Vita

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Fantasy Hero: Unsigned Legacy achieves the gameplay goals that it sets out to hit quite well. It functions as a straight dungeon crawl, with individual quest runs broken up into bite-sized five-to-15-minute chunks. It isn’t the most interesting game, and it doesn’t really push the envelope in any new ways, but it is fun and it is designed well for portable play. If you enjoy short dungeon runs, beating up bad guys and collecting loot, then you should seriously consider Fantasy Hero. READ MORE

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When thinking about crossovers and spinoffs for an action title, cooking and rhythm games certainly aren’t the first things that come to mind. Senran Kagura: Bon Appetit mixes the two with the cast of Senran Kagura into a silly spinoff title and brings the same style that is a hallmark of the series. READ MORE

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After years of Japan-only releases, Sega took a shot at expanding Hatsune Miku’s rhythm game reach Westward in 2013 with a PS3 release of Project Diva F. It apparently worked, as not only did the Vita release of that game follow soon after, but now we’re getting the sequel — and with extra localization work and a Vita retail edition, Sega’s betting even more on this game’s success. READ MORE

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I found myself constantly surprised by Rollers of the Realm. Phantom Compass has managed to blend pinball gameplay with RPG mechanics in the absolute best way. There’s no denying that Rollers is a digital game, and there is no effort put into making it a simulacrum of a real pinball table. Physical pinball is great, but sometimes it’s nice to use electronic platforms for more, and that’s exactly what Phantom Compass has done here. READ MORE

2014 has proven to be a fruitful year for fans of the Tales franchise. Tales of Hearts R marks the third release, following remaster compilation Tales of Symphonia Chronicles and fan-friendly sequel Tales of Xillia 2. It’s been billed by some as the great JRPG hope for the faltering Vita, the result of a fan-led campaign to see more localized titles make it to American shores for its content-starved audience.

It isn’t a bad game by any means, but it suffers from the weight of the expectations it bears. READ MORE

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There’s no denying that The Binding of Isaac: Rebirth is a huge package offering lots of replay value. With over 200 items, randomly-generated maps and enemy placements and rewards for completing the game multiple times, Rebirth is a completionist’s dream. READ MORE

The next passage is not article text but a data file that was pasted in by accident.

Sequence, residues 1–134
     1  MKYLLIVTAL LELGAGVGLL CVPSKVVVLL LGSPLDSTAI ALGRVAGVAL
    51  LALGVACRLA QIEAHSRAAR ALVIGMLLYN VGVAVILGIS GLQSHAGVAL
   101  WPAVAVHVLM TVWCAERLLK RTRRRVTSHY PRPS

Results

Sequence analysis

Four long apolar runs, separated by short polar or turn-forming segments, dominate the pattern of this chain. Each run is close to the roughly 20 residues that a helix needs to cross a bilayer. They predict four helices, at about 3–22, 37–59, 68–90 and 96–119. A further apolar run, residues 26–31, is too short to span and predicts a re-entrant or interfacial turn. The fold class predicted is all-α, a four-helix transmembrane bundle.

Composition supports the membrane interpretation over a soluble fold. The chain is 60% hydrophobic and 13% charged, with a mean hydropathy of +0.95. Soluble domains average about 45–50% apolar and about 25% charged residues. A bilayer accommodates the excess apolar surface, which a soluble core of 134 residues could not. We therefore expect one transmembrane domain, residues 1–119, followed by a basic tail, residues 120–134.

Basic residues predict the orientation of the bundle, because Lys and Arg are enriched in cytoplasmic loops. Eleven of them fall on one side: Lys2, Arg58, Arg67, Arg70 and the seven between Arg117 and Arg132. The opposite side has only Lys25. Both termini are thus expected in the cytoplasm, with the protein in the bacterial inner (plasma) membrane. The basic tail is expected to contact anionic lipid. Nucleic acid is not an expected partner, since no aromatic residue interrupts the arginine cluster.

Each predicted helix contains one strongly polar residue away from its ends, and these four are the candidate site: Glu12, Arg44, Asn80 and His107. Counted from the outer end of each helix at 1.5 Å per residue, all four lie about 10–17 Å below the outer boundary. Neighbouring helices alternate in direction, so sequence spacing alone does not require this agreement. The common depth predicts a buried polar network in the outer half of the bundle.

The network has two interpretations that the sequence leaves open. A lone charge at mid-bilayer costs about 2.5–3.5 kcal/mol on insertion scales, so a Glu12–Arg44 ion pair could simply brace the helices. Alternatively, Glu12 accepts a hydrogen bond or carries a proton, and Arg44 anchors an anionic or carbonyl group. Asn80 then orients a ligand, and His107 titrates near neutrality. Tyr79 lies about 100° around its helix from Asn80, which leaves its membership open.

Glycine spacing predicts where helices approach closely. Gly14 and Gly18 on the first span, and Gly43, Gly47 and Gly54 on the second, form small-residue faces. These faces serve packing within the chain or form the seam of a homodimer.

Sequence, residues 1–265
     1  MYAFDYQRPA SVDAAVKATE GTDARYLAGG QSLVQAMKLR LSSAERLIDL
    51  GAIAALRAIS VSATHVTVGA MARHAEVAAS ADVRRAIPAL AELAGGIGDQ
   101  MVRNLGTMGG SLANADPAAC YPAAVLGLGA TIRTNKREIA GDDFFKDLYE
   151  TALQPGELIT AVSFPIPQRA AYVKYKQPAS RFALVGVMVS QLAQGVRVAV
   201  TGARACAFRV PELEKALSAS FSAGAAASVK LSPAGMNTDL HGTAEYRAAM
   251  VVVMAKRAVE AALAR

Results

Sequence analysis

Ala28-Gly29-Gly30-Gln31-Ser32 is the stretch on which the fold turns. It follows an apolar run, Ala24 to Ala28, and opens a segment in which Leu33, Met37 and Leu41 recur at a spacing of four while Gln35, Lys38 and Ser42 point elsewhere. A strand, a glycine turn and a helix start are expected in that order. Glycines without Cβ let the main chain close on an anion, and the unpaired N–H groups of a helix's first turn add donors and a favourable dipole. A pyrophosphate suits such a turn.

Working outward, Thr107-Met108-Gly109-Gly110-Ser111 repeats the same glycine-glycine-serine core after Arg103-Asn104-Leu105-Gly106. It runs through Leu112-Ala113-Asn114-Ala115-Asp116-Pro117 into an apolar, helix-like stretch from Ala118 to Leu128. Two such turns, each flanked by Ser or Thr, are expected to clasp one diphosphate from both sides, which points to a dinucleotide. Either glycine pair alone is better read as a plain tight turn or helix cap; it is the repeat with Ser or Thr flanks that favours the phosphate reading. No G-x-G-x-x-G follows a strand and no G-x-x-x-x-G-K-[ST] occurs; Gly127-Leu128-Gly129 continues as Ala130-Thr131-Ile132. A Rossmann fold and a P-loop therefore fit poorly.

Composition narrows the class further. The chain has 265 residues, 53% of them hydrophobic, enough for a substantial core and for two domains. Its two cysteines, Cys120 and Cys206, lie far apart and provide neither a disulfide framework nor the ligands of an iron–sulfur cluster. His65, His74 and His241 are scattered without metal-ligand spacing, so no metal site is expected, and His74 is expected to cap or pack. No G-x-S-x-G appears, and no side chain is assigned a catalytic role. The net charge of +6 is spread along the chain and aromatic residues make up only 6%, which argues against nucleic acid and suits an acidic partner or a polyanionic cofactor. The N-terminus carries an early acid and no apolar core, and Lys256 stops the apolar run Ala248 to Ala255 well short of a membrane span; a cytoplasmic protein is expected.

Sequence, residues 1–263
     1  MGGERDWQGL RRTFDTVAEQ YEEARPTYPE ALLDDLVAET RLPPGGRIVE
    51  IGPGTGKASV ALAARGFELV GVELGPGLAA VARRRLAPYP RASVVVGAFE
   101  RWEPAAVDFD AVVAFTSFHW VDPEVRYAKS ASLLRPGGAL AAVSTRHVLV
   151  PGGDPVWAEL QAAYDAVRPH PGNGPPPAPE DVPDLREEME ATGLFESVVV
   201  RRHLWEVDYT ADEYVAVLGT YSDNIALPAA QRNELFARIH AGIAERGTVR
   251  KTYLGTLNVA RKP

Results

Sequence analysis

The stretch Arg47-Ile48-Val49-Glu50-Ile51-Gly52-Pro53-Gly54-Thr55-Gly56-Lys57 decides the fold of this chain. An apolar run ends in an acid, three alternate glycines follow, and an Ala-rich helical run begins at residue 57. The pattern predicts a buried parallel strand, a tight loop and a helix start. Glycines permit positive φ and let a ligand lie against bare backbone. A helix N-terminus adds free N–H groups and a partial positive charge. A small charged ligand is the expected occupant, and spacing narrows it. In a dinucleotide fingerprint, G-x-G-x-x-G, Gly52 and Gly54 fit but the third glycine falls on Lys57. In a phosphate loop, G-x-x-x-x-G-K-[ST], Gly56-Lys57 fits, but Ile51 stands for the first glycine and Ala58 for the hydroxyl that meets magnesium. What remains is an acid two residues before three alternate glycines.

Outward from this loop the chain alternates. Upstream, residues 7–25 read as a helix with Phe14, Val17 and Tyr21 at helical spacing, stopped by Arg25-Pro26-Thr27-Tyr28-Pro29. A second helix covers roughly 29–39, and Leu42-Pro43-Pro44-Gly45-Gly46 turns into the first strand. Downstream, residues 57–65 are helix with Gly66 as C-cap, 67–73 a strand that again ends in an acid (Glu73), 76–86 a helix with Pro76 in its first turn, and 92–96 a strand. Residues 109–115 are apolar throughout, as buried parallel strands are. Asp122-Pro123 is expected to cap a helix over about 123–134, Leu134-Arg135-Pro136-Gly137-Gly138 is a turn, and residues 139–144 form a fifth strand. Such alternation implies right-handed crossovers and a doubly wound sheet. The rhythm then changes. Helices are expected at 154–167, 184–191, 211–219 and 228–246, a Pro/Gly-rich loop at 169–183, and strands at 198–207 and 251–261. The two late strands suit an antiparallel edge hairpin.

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Another Musou game? Yes, Omega Force and Koei Tecmo America have been quite prolific as of late, pumping out releases in the Warriors series faster than most can keep track of them. Even those who love the franchise may be feeling some fatigue, and thinking that Samurai Warriors 4, the latest release, is a good one to skip and take a break. Fortunately (or unfortunately, depending on your wallet), the game justifies itself with refined combat, interesting battlefield strategy and a level of care and polish that has been absent in most Omega Force releases. READ MORE

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It’s always been a bit crazy how Japan has managed to remain so different when it comes to video games. Senran Kagura is probably one of the biggest examples of this: a game based on Japanese myth, mixed with more modern themes, but not one that simply takes game mechanics from something already popular. While Shinovi Versus continues where Burst left off, the series really doesn’t feel like any game before it. Shinovi Versus builds on the earlier games, but adds quite a bit to it thanks in part to the increased power and control available on Vita. READ MORE

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When you first encounter Natural Doctrine, it appears to be a hybrid of Valkyria Chronicles and a crazy person’s conspiracy wall. As you play more, the symbology and walls of tied-together information begin to be somewhat more legible, but the metaphor becomes ever stronger: Natural Doctrine searches frantically for answers to how to make a good strategy RPG and overlays a web of complicated systems to try to make that happen, but ultimately it’ll just drive you mad. READ MORE

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Vertical shooters these days are largely something we see as part of the past, or as super-difficult PC games from Japan. Velocity 2X is neither of those things. The original Velocity was a typical vertical shooter that started as a PlayStation Mini, designed for the PSP, though it eventually received a PS Vita and PSP port called Velocity Ultra. In addition to taking the series to the television, Velocity 2X adds varied level types and increased accessibility. READ MORE